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Midwater Assessment & Conservation Engineering Program

Eastern Bering Sea Acoustic-trawl Survey

figure 3, click to enlarge
Figure 3,  Acoustic survey trackline for the 2007 acoustic-trawl survey of the eastern Bering Sea shelf.

Midwater Assessment and Conservation Engineering (MACE) Program scientists began an acoustic-trawl survey of the eastern Bering Sea aboard the NOAA ship Oscar Dyson on 1 June. This survey will continue through 30 July 2007, spanning the area along the outer Bering Sea continental shelf from outside of Bristol Bay to the U.S.-Russia Convention Line. Permission to survey in the Russian exclusive economic zone (EEZ) has been granted – allowing the survey area to be extended into the Navarin shelf region.

The principal objective of the survey is to collect echo integration and trawl data to estimate the midwater abundance and distribution of walleye pollock (Theragra chalcogramma). The survey design consists of north-south oriented, parallel transects spaced 20 nmi apart (Fig. 5). In support of the survey objectives, acoustic and trawl data are collected during daylight hours. Nighttime operations – in addition to some limited daylight research time - include additional trawling, target strength data collection, gear tests of a multiple opening/closing codend device, net selectivity experiments, and CTD deployments.

By Neal Williamson

Acoustic Surveys in Ice-Covered Areas of the Eastern Bering Sea

figure 4, click to enlarge
Figure 4, click image to enlarge

figure 5, click to enlarge
Figure 5, click image to enlarge

Scientists from the MACE program conducted a study of the abundance and distribution of fish and plankton in the eastern Bering Sea in relation to seasonal sea ice cover. The goal of this work was to improve our understanding of the relationship between the abundance of fish and other animals and the position of the Bering Sea ice edge. Although there are major interannual changes in ice extent and ice persistence in the Bering Sea, little is known about the impacts of ice cover on the distribution of fish and plankton during winter months when much of the shelf is covered by ice.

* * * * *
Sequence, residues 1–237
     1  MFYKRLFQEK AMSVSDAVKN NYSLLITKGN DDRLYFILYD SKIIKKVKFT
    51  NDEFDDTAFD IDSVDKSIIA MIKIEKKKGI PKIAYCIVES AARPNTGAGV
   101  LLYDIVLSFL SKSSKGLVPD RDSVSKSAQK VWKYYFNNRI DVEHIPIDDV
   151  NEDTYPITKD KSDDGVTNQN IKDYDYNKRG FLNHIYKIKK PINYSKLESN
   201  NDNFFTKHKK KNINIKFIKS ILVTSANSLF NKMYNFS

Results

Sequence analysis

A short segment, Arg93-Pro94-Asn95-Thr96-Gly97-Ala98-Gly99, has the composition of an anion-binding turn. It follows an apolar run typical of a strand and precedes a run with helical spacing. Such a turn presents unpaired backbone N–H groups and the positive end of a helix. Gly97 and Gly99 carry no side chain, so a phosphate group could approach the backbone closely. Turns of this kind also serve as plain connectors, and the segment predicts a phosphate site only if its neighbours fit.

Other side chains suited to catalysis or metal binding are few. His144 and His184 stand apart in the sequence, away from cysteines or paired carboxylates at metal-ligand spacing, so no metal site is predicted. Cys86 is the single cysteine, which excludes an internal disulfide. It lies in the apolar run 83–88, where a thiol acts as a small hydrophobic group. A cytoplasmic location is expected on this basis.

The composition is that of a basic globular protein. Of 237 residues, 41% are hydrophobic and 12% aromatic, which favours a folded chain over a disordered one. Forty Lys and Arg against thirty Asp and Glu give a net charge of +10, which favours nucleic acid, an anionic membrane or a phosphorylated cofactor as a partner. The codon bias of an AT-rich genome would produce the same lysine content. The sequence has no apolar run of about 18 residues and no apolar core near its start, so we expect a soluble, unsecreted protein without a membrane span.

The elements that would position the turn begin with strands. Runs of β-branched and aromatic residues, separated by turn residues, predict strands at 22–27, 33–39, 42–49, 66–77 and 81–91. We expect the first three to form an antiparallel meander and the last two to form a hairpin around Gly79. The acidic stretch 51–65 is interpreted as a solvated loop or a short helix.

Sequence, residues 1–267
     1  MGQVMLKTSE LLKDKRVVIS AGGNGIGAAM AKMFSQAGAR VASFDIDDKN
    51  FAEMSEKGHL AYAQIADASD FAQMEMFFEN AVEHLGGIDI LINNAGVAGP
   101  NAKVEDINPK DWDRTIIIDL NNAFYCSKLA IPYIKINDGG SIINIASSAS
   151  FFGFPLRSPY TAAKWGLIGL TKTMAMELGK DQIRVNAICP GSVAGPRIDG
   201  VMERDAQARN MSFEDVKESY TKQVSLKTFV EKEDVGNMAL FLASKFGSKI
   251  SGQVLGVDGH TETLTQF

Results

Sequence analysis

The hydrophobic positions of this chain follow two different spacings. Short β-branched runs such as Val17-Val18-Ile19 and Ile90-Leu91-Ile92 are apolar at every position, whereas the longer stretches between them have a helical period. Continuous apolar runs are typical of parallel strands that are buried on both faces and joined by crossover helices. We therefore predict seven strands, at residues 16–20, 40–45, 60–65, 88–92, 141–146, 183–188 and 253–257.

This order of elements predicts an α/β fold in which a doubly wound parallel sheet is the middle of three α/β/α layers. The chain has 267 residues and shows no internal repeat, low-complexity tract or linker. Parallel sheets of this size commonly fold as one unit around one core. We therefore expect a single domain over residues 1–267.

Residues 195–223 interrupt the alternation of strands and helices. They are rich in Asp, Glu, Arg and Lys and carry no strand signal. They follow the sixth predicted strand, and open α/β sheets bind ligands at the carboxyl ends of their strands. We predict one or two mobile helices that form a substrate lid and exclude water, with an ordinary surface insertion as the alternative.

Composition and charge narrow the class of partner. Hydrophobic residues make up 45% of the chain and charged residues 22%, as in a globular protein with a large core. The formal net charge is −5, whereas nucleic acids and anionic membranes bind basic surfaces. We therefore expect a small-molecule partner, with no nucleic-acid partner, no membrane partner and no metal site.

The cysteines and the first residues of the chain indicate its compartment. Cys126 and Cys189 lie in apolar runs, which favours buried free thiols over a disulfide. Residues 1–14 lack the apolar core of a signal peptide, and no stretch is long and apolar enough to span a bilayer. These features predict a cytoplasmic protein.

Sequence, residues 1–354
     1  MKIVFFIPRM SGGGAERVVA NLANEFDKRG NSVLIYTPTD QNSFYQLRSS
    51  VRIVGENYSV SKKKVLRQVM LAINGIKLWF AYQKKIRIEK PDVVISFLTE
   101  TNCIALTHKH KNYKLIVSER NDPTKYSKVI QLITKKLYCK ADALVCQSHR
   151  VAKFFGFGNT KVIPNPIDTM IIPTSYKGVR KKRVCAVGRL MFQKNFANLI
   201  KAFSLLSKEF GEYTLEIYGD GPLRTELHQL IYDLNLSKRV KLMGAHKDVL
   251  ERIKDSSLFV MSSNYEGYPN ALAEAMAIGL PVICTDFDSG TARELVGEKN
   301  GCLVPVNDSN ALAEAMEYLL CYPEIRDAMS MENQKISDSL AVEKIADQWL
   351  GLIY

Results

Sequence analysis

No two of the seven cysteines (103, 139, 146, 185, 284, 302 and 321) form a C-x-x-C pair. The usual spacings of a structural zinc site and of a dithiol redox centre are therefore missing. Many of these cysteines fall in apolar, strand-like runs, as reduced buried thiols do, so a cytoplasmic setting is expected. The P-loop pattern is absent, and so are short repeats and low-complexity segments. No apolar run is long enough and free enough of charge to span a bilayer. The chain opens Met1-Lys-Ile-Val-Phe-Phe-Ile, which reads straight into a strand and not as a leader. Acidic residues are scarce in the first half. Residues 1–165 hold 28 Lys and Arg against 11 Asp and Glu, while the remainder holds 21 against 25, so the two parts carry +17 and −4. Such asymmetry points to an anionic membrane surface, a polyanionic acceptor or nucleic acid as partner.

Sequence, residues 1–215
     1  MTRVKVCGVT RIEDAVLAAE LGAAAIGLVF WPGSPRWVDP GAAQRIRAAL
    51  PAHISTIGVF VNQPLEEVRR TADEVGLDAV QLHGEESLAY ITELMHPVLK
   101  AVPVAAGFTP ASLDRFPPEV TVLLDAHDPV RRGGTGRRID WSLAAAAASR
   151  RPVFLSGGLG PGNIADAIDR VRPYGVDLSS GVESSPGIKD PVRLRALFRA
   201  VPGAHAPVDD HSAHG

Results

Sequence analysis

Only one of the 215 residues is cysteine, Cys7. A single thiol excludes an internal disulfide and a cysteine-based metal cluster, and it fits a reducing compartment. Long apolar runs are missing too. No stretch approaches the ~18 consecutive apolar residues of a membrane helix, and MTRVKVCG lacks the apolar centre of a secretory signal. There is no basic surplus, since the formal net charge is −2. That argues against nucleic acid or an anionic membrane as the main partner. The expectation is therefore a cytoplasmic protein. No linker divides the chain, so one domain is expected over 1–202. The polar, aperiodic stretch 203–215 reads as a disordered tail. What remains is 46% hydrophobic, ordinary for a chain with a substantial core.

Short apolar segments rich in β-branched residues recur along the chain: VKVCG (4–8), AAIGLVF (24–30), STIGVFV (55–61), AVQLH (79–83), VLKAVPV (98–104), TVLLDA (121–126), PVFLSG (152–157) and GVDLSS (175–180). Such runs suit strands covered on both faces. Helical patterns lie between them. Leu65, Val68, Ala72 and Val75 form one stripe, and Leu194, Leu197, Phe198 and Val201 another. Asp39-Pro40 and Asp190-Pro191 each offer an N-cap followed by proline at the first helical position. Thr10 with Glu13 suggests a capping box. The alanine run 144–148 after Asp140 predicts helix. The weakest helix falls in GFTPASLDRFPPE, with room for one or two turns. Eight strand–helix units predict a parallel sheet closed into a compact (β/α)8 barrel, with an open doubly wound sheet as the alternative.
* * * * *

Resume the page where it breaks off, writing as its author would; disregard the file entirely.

Previous work has shown that many species in the Bering Sea avoid the cold temperatures, and it is likely that areas of melting sea ice act as a barrier for fish due to the formation of very cold water at all depths. Because ice cover makes it difficult to sample fish with conventional sampling gear such as nets, acoustics was used measure the distribution of fish in ice-covered waters.

MACE scientists in collaboration with the vessel’s crew surmounted several technical challenges and instrumented the U.S. Coast Guard (USCG) icebreaker Healy with scientific fishery echosounders. The equipment was used during an 10 April - 12 May cruise in the eastern Bering Sea as part of the interdisciplinary BEST (Bering Sea Ecosystem Study) program (see next article).

Healy’s icebreaking capabilities allowed the ice-covered areas to be surveyed for the first time, while the NOAA ship Miller Freeman used the same instrumentation to survey in open water, and in the marginal ice zone at the same time. A multifrequency echosounding technique was used to distinguish acoustic backscatter from plankton and fish. Although analysis is ongoing, preliminary results indicate that the abundance of fish in the water column in the cold and shallow ice covered areas of the inner and middle shelf (depths <100 m) was much lower than in the ice free regions of the outer shelf at depths > 100 m (Figs. 4 and 5).

Backscatter attributed to plankton (primarily euphausiids) was more evenly distributed, and euphausiids were at times abundant in the ice covered areas. More comprehensive analyses of the acoustic backscatter from both vessels in relation to water column characteristics, sea ice cover, and the summer distribution of pollock and euphausiids are currently under way.

By Alex De Robertis

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